Julia J. Smith, MS, has a passion for utilizing existing data from electronic health records (EHRs) to illuminate the effectiveness and benefits of treatments and medical modalities, as well as to identify people who may have health care needs that are not being sufficiently addressed.
Ms. Smith came to KPWHRI in 2021, joining projects to validate prediction models, compare suicide risk predictions for those undergoing pharmaceutical treatments, and analyze the impact of an intervention for falls risk. This work is closely aligned with her passion to leverage existing data to identify people who may benefit from intervention or additional awareness and education on health.
Prior to joining KPWHRI, Ms. Smith worked in research at Southcentral Foundation for 13 years with a focus on health care services and mental health research, as well as data management. At SCF, her analyses projects included measuring the impact on quality and health outcomes after a shift to an innovative patient-centered medical home model, assessing patient and provider characteristics associated with completed depression and alcohol screening among primary care patients, performing epidemiologic and biomarker studies of tobacco use, measuring the impact of an intervention developed for people with complex health care needs, creating a registry of fragile pediatric customers for primary care providers, and creating a system to balance primary care provider panels through risk prediction based on EHR data and publicly available social determinants of health (SDoH) variables.
Ms. Smith also spent 2 years with a Pacific Northwest payor in Portland, Oregon, conducting research as well as steering the build of data infrastructure for clinical services and a new technology solution with the goal of creating systems that would easily illuminate clinical effectiveness and quality.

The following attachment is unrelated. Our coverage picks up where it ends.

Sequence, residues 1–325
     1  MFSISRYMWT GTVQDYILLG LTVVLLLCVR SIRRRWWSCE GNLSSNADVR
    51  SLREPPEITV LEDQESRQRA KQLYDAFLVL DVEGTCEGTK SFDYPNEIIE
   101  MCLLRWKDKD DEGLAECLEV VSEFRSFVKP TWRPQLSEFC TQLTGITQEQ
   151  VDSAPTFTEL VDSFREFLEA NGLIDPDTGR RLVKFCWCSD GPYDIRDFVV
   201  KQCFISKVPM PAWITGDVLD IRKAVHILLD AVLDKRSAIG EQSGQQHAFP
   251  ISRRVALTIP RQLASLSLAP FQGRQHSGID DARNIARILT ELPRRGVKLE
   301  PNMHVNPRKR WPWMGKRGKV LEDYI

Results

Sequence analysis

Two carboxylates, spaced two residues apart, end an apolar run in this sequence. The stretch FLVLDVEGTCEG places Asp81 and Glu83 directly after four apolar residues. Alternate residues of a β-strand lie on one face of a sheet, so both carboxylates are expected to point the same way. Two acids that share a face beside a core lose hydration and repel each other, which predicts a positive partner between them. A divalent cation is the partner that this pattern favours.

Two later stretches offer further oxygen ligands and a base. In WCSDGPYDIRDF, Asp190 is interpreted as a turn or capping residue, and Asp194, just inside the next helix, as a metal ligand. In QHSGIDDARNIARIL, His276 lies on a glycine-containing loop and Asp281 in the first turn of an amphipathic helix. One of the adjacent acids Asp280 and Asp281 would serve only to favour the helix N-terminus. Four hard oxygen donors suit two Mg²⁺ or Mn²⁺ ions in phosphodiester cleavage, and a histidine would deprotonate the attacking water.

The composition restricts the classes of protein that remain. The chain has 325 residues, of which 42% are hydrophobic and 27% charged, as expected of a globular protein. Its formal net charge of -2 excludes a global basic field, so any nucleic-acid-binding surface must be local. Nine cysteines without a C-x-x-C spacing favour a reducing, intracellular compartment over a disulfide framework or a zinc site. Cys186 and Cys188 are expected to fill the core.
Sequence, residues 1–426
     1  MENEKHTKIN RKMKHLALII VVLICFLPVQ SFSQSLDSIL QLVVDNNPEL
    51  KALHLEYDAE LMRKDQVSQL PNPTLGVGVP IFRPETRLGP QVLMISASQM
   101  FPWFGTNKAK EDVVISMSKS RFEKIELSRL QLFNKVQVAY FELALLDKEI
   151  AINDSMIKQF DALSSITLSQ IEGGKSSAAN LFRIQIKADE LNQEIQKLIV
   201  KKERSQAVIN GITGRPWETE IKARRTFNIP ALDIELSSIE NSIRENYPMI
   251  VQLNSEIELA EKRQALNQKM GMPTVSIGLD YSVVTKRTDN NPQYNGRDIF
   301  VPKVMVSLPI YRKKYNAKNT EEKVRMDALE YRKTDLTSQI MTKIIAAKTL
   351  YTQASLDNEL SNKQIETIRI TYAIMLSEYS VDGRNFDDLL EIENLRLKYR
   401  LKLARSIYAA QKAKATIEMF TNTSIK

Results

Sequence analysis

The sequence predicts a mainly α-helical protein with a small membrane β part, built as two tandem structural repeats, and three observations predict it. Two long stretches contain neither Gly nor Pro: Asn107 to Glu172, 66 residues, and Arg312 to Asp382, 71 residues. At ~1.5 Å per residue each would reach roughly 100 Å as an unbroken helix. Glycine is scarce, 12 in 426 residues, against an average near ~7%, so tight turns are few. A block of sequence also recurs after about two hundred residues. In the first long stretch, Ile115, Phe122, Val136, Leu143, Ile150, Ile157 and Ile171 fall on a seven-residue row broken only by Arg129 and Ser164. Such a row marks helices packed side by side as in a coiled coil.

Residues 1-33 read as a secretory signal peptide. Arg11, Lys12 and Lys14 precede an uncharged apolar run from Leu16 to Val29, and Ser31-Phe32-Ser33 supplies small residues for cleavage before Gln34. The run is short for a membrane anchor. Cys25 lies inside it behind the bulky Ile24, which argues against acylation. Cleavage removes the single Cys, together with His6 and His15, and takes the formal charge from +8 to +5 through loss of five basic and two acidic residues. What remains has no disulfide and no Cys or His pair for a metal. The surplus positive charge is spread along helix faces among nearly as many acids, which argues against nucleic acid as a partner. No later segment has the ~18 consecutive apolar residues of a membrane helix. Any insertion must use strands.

Ms. Smith’s experience in research is built on a foundation in education, teaching, and mentorship that she carries with her through mentoring high school youth in the use of statistics in applied equity research as well as through mentoring professionals in health care services research methods.
Analyses of secondary, observational data; prediction models
Alzheimer’s, dementia, falls risk
Identifying variables for analysis and prediction modeling from publicly and commercially available SDoH data
Comparative effectiveness analyses, cost benefit analyses, intervention impact of health care delivery programs and products
Depression, substance use, suicide
Schaefer KR, Muller CJ, Smith JJ, Avey JP, Shaw JL Using the electronic health record to identify suicide risk factors in an Alaska Native health system. Psychol Serv. 2020 Aug 27. doi: 10.1037/ser0000492. Online ahead of print. PubMed
Smith JJ, Qiu Y, Lam SV, Lockwood CM, Pegus C, Gleason PP. Medical costs and health care utilization among self-insured members with carve-in versus carve-out pharmacy benefits. J Manag Care Spec Pharm. 2020 Jun;26(6):766-774. doi: 10.18553/jmcp.2020.19411. Epub 2020 Mar 10. PubMed
Schaefer KR, Noonan C, Mosley M, Smith JJ, Galbreath D, Fenn D, Robinson RF, Manson SM Differences in service utilization at an urban tribal health organization before and after Alzheimer's disease or related dementia diagnosis: a cohort study. Alzheimers Dement. 2019 Nov;15(11):1412-1419. doi: 10.1016/j.jalz.2019.06.4945. Epub 2019 Sep 25. PubMed
Avey JP, Dirks LG, Dillard DA, Manson SM, Merrick M, Smith JJ, Prickette GC, Tetpon S, Galbreath D, Triplett B, Robinson RF. Depression management interests among Alaska Native and American Indian adults in primary care. J Affect Disord. 2018 Oct 15;239:214-219. doi: 10.1016/j.jad.2018.05.075. Epub 2018 Jun 7. PubMed
Muller CJ, Robinson RF, Smith JJ, Jernigan MA, Hiratsuka V, Dillard DA, Buchwald D. Text message reminders increased colorectal cancer screening in a randomized trial with Alaska Native and American Indian people. Cancer. 2017 Apr 15;123(8):1382-1389. doi: 10.1002/cncr.30499. Epub 2016 Dec 21. PubMed
NIMH funding will enable the MHRN to conduct larger studies in integrated health systems on topics that matter most.
Researchers find a relationship between prescribed central nervous system-active medications and increased risk of falling among older people with dementia.